Kenya Wednesday to Friday Feb 21 - 23
Arrived on Wednesday evening in Nairobi, airport much improved since our last visit 4 years ago. It was chaotic then and we expected that it would take at least an hour or 90 minutes to get visas, get bags and clear customs but very well organized and smooth and within 30 minutes we were through the formalities and connecting with our driver and car. In the Serena Hotel in Nairobi for 2 nights to catch up on sleep and get rested for our time in the Masai Mara.
The Serena is one of our favourite hotels anywhere, right in the centre of Nairobi but surrounded by fairly extensive grounds so that it feels very lush and restful and very old Africa even though mad traffic is only metres away. Since we have arranged for a car and driver to drive us to our camp, about a 5 or 6 hour drive, we went for a walk into central Nairobi to buy wine. The hotel insisted that a staff person accompany us even though it was the middle of the day, we were not too concerned but our hotel guide told us that after sunset all the hotel staff take the bus at the stop in front of the hotel, no one willingly walks the downtown streets because of the danger of muggers. Our wine expedition was only possible because we are not flying, our total luggage limit is 15 kilos and my carry-on alone is close to that with cameras and equipment, so we have the luxury of loading the car with things that we normally would not be able to travel with.
I wrote the above yesterday, Thursday, we are now at our camp after a very long harrowing day driving over unpaved, rocky paths that pass for roads in the Kenyan countryside. Compounding this was the fact that our driver became hopelessly lost and we arrived after a bone-jarring 8 1/2 drive and to add insult to injury, we discovered that the hotel had forgotten to pack the wine in our car and 8 bottles of wine were still sitting in the hotel luggage room. Tears were shed, but after talking with the hotel in Nairobi they have agreed to fly the box of wine at their expense to the local safari airstrip and our camp will send a car to pick it up. We are holding our collective breaths...
In case you’re wondering, the point of driving rather than flying was not to transport wine but rather to take the opportunity to see the country and the landscape. We have usually flown to the various camps that we have visited and I really wanted to get a sense of the country and a drive seemed the perfect way to do it and in spite of the tooth-rattling driving conditions it was still very worthwhile to see the many changes in topography and vegetation and habitation and I’m pleased that we decided to do it. It was especially interesting and neat to drive across the Great Rift Valley on our way to the camp.
We went out this morning for our first safari drive, like old times beginning the day in the dark at 5:30 and on the road by 6. We are staying in an eco-camp in a small Conservancy near the Masi Mara National Park. The conservancy is owned by a number of the Masai people and the camp is staffed and run by them. It is near the Masai Mara Park and because it’s is small it does not have the number of animal species more or less resident in the property. However all the lands that are not National Park or a conservancy are used for grazing and the whole region is open country as there are no fences around any properties be they conservancy, private or national park. Because there are no fences animals move through and between our conservancy, other conservancies and the national park as well as over private grazing lands where they are legally allowed to move. Obviously this is grudgingly accepted but not encouraged by farmers and herders so that the animals tend to congregate in conservancies and the national parks where they are protected. High food chain animals, the carnivores, tend to need a fairly extensive range for their activities so that the smaller conservancies do not attract permanent habitation for the big cats for example except when they are moving through to another location and as a result smaller conservancies offer small pleasures, birds and the smaller species that may get overlooked in the range of options in the large national parks.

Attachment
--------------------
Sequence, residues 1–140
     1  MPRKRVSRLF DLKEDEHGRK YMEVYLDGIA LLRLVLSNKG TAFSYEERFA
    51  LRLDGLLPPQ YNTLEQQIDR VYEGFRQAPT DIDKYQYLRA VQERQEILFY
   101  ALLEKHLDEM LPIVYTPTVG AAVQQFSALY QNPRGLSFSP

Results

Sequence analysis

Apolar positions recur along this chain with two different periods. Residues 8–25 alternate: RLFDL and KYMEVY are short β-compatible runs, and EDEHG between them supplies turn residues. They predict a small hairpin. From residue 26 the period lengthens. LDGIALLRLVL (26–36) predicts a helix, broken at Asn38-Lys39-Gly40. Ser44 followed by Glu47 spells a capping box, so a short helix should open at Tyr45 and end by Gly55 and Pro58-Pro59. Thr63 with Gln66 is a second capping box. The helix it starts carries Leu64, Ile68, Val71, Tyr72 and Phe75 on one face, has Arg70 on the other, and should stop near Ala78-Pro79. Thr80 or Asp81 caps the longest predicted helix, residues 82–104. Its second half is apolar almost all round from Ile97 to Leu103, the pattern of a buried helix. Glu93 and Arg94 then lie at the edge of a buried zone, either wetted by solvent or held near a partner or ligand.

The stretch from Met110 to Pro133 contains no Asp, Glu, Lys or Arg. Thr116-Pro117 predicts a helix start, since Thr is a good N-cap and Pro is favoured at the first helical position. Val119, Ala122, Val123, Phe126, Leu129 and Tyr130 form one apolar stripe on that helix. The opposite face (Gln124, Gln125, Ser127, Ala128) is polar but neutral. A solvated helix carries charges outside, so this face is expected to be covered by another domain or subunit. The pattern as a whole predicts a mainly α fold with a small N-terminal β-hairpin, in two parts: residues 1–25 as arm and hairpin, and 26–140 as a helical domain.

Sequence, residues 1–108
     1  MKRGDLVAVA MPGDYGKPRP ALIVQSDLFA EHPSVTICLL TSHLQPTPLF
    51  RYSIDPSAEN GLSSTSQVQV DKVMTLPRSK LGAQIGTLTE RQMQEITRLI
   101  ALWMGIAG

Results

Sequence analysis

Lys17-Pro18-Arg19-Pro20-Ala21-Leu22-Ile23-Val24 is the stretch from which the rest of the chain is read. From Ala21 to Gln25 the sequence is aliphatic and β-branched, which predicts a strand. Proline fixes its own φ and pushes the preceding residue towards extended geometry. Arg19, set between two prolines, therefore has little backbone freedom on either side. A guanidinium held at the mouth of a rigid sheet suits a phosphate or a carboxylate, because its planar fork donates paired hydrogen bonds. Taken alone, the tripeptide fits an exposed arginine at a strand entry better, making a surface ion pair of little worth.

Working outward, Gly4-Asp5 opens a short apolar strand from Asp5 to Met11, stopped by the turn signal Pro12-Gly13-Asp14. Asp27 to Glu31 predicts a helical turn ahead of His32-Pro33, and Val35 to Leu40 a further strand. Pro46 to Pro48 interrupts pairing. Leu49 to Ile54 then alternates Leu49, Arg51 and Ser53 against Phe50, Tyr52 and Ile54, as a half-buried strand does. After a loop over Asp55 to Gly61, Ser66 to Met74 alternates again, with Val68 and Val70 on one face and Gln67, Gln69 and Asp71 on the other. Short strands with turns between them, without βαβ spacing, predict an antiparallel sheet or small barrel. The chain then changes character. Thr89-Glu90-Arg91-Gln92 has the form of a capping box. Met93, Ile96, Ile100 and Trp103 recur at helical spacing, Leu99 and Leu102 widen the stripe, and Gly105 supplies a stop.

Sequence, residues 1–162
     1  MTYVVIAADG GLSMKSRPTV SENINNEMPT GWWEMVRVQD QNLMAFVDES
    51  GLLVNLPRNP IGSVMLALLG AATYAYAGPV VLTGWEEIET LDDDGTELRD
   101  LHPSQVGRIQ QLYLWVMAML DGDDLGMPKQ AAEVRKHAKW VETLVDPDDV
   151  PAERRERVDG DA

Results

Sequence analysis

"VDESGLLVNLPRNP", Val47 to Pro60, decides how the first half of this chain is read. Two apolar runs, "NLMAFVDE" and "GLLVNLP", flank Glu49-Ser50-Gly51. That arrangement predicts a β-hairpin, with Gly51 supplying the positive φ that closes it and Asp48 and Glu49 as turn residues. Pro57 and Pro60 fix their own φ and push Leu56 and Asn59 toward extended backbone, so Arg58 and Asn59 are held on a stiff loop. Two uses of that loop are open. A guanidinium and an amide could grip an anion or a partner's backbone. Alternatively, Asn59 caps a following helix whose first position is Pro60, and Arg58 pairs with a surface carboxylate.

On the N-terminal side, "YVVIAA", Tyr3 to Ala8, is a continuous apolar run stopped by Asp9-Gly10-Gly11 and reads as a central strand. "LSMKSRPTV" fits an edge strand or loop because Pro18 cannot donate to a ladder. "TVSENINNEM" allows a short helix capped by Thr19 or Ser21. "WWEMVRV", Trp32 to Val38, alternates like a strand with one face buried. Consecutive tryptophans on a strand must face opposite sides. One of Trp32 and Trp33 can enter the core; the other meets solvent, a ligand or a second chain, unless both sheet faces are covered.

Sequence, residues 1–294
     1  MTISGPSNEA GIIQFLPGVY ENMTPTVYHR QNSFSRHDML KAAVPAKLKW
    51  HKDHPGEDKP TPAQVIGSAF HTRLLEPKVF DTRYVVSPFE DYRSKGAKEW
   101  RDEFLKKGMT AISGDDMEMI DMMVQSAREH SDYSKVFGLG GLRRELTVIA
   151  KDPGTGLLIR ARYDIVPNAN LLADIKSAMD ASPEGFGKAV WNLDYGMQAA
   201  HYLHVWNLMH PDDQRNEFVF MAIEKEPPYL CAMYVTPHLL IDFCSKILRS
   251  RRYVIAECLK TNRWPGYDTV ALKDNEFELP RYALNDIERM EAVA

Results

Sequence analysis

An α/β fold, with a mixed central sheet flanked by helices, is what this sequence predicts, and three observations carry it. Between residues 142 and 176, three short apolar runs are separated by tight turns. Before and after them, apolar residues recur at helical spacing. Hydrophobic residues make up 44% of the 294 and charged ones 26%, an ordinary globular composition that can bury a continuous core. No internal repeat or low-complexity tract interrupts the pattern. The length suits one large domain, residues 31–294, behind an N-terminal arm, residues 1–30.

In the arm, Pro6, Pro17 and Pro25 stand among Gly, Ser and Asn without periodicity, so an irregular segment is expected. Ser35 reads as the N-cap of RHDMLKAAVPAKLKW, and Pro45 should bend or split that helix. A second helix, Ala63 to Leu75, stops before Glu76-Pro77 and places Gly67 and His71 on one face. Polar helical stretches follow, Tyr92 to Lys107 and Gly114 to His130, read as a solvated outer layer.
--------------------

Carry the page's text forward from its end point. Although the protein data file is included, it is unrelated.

We are about a 25 minute drive from the Masai Mara National Park so that if we want big cats and big mammals we can pay to enter the park and spend the day, the downside being the number of cars that can congregate at a sighting, rush hour!, and if we want smaller pleasures, more personal attention and only one or two other cars, we can spend time in our conservancy. Our camp gives us the luxury of both options and since we will be here for 12 days we wanted the chance to balance our time. Our first morning was an enjoyable prelude, no big cats or elephants but a spectacular sunrise over the savannah and time spent with a couple of species that we had never seen, in particular the Rock Hyrax, a little marmotty creature that thrives in the tumbled rocky cliffs that characterize the property. Fabulous to spend time with and fun to watch.
This afternoon we will be driving over to the national park to spend the late afternoon.